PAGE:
Film Reviews: Six scenes I like from movies I've seen


When people ask me what I thought of a certain movie, I am often forced to describe it in the most general terms: “It was kind of OK”, “I’d go and see it again, I think”, “That was like having my ears punched with railroad spikes”, and so on. It’s tricky to sum up a story told over two hours into a yes or no recommendation. But some individual movies scenes are so pleasing that they are worth praising – sometimes despite the context of the movie around them. I beg your indulgence while I describe six scenes from recent and not-so-recent movies that I think are worth waking up for (in the event, let us say, that you sleep through the rest of the film).


1 – Transformers: Defending the desert town

Captain Lennox’s team take refuge in a small Arab village, intending to defend themselves against the scorpion-shaped Decepticon that has been chasing them across the desert. At first, the scene starts to look like any modern fight sequence: full of confusing ultra-quick cuts. I recognise that it is useful sometimes to emphasise the chaos of battle (and perhaps disguise the inadequacies of CGI), but long sequences of this type are getting more common than not, and they are often just too hard to make sense of (for example, how could a fist-fight between an Alien and a Predator not be fun to watch? Exactly. Yet somehow the director of AVP managed to use the fast cut technique to make it both confusing and dull).

Fortunately, the film cuts between close-up confusion and overhead tracking shots of the battle, allowing both a respite from the noise of the battle and a chance for the audience to get a tactical overview of the deadly robot creeping closer and closer to the soldiers.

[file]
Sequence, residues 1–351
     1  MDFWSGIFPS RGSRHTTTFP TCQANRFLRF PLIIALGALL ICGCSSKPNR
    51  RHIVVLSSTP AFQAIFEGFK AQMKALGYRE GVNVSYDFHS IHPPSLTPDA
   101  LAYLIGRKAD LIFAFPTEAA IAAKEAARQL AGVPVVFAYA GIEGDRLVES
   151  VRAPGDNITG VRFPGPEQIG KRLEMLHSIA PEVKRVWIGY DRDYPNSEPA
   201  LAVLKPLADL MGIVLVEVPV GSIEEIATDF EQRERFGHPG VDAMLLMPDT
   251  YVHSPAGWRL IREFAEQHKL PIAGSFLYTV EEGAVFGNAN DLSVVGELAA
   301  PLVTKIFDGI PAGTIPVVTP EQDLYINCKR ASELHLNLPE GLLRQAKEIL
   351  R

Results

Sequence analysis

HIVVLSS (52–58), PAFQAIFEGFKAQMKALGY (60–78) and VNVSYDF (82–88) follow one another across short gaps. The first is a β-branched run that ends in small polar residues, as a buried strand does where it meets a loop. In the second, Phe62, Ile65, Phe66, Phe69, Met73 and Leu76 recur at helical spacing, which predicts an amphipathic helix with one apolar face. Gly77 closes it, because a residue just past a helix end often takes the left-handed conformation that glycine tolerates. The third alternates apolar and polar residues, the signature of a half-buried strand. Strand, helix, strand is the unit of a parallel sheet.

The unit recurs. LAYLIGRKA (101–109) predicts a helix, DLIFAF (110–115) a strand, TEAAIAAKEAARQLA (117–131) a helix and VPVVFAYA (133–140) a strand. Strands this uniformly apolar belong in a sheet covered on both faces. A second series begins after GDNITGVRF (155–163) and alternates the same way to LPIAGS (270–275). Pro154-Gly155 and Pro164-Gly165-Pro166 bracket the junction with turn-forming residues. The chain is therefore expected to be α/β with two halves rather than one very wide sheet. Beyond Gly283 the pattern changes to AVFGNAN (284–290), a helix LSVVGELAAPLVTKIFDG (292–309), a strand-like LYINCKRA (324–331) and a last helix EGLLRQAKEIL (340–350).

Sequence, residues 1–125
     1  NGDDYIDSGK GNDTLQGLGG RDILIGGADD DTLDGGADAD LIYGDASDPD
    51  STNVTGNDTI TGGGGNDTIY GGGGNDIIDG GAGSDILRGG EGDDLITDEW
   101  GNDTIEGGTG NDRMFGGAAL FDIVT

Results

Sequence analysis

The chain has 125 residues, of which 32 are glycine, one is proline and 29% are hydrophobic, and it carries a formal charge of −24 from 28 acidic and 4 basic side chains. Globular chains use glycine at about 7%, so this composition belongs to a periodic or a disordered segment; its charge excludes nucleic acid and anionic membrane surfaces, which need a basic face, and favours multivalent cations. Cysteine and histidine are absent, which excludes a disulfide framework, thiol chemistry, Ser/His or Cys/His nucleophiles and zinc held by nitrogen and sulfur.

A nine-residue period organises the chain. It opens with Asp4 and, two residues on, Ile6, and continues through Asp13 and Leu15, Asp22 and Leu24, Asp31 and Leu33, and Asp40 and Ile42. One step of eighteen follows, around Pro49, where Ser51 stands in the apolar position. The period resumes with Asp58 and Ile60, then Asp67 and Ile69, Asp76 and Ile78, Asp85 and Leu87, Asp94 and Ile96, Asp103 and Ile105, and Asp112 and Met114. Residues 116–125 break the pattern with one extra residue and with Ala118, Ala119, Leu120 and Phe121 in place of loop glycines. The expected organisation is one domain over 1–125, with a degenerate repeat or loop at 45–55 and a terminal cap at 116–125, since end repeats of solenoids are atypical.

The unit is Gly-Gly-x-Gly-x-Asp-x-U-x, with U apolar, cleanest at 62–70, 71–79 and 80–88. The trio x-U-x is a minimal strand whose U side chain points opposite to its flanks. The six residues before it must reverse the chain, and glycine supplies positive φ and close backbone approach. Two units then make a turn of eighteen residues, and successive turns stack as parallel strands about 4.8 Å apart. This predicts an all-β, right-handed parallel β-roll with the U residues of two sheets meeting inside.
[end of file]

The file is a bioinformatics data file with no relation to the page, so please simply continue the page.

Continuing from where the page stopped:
2 – The Simpsons Movie: The ultimate dare

When Homer dares Bart to skateboard to the local KrustyBurgers and back in the nude, it is so obvious what will happen that no-one in the audience is remotely surprised as the scene begins with Bart flying across town, his dignity preserved by a series of increasingly improbably props. It’s very clever, but it has been done so many times that only the youngest members of the audience are likely to find it new – indeed, it’s been done before at least once in the Simpsons TV series (Marge and Homer’s naked escape from their tryst in the crazy golf course uses the same technique, albeit a bit less dynamically).

The clever turnabout in the scene, of course, comes at a perfect moment. The timing is nice, and the audience’s attention is focused at exactly the right place, since they’ve been looking at the obscuring props for the last minute – so when Bart skates behind the hedge, obscuring everything of him except his genitals, everyone gets the surprise at exactly the same moment. In my experience, it’s rare for everyone in a cinema to laugh at a sight gag – perhaps because they usually take a little while to process – but it seemed like it happened for this scene.

3 – Stalker: Outside The Room

This Russian film is based on “Roadside Picnic”, the novella that the Strugatsky brothers wrote (probably my favourite science-fiction story). It’s not particularly easy to understand if you haven’t already read the story (and perhaps even if you have). Psychologically intense rather than scary, and too early to benefit from the sort of special effects that might have made it possible to show the Zone in its full mystery, it is largely up to the individual viewer to decide whether the film is fascinating or boring (I’ve seen it twice, and felt both ways about it).